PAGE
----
The magazine ranked UCSB’s College of Engineering at No. 20 among public universities with engineering schools that provide bachelor’s through doctorate degrees. In addition, the university was listed at No. 14 among public universities in the “Least Debt” category, and at No. 13 for ethnic diversity.

In addition, the Times Higher Education World University Rankings 2018 lists UCSB at No. 53 out of 1,000 universities worldwide. The Times ranking is unique among international university surveys as it evaluates schools by the full scope of their missions, including teaching, research, transmission of knowledge and global outlook. Peer ranking from senior scholars in over 140 countries is also applied to the ranking.

To see additional UCSB rankings please visit

Small But Mighty

They represent less than 1 percent of the student population on the UC Santa Barbara campus, but in June the American Indian Student Association (AISA) was awarded Campus Organization of the Year by the Office of Student Life. AISA was chosen from all other student groups for its diversity of programs, leadership development, contributions to the campus and increased member participation.There are 240 Native American students at UCSB who come from multiple tribes and reservations across the United States.

Home Sweet Home

UCSB students have new digs this year. The university has opened its new student apartment complex, San Joaquin Villages, on Storke Road on the western side of campus. Home to about 1,000 3rd and 4th year students and four faculty advisors, the development includes a new dining commons and a market with local and sustainable food options. The apartments were designed with sustainability in mind through the use of less water, energy and greenhouse gases.

Class of 2021

UC Santa Barbara welcomed 4,525 new freshmen and 2,210 new transfer students in September, for a total of 6,735 new undergraduate students, fewer than the 7,042 new students who entered the university in fall of 2016. The university received nearly 82,000 applications from prospective freshmen, a 6% increase from the previous year, and offered admission to nearly 27,000 with an admittance rate of 32.8 percent. The Class of 2021 is the most diverse and academically accomplished of any applicant pool the university has had in the past. Applicants’ average high school GPA was at a record high of 4.25, with an average SAT score of 1996 out of 2400.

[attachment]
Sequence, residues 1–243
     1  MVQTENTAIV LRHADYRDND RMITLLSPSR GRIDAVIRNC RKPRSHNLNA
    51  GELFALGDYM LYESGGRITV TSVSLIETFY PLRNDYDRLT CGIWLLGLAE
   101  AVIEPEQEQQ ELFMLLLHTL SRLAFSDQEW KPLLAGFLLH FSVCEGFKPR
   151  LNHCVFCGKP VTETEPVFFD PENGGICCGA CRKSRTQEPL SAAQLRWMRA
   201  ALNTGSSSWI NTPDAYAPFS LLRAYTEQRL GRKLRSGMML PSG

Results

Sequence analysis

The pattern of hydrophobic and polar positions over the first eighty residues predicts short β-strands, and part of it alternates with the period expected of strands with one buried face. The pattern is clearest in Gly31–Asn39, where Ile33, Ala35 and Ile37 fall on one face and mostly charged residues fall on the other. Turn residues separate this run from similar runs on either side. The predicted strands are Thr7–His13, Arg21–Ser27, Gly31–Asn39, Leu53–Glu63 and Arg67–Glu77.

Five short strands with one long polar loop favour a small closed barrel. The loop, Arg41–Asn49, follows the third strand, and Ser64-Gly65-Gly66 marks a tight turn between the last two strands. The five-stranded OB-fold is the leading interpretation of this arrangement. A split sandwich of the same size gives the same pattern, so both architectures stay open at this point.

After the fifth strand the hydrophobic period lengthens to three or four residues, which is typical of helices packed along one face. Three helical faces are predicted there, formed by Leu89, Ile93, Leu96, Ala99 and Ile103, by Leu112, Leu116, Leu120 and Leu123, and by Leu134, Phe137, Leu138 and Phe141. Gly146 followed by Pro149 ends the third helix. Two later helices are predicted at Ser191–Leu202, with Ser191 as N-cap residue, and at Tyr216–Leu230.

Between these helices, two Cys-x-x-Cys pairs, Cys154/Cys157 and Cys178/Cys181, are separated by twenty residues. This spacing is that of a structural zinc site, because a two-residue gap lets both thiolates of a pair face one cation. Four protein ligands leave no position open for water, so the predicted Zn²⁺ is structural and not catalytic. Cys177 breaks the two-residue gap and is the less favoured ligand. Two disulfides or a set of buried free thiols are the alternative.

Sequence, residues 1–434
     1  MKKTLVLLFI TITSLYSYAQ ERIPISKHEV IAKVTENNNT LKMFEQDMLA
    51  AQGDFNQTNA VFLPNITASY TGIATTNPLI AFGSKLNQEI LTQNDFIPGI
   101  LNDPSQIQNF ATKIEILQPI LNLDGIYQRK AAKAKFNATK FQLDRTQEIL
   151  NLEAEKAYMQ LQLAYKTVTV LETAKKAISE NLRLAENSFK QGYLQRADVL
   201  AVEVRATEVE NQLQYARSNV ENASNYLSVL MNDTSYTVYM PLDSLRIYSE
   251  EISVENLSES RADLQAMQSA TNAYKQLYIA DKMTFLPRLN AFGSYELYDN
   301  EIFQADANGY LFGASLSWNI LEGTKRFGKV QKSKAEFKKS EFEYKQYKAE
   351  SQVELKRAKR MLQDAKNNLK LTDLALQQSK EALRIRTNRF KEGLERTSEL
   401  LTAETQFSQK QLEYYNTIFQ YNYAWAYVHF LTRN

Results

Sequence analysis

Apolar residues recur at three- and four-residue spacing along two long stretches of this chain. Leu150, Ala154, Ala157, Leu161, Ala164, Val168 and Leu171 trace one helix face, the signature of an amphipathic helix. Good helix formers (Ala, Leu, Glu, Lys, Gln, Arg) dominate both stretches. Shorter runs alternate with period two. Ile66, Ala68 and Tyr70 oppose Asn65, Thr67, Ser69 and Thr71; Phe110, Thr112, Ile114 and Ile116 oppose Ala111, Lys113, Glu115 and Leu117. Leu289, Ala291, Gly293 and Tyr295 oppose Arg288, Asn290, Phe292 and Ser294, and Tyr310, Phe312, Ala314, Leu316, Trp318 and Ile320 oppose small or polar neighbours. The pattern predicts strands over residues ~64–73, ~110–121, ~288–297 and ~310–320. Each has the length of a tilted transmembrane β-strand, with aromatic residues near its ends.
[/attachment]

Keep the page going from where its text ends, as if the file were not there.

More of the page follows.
Red Light, Green Light

Isla Vista has a new traffic signal in one of the community’s busiest crossroads, Pardall Road and Embarcadero del Norte. The four-way light was installed to help better manage the heavy bicycle and pedestrian traffic and improve safety in the intersection which has the highest accident rate in the area. Students had protested the traffic light project fearing it would increase congestion and urged the county to consider other ways of controlling traffic in the area. The $300,000 price tag was split by the Santa Barbara County Community Development Block Grant Program and UCSB. Warnings will be issued to violators during the initial two weeks after the start of fall quarter.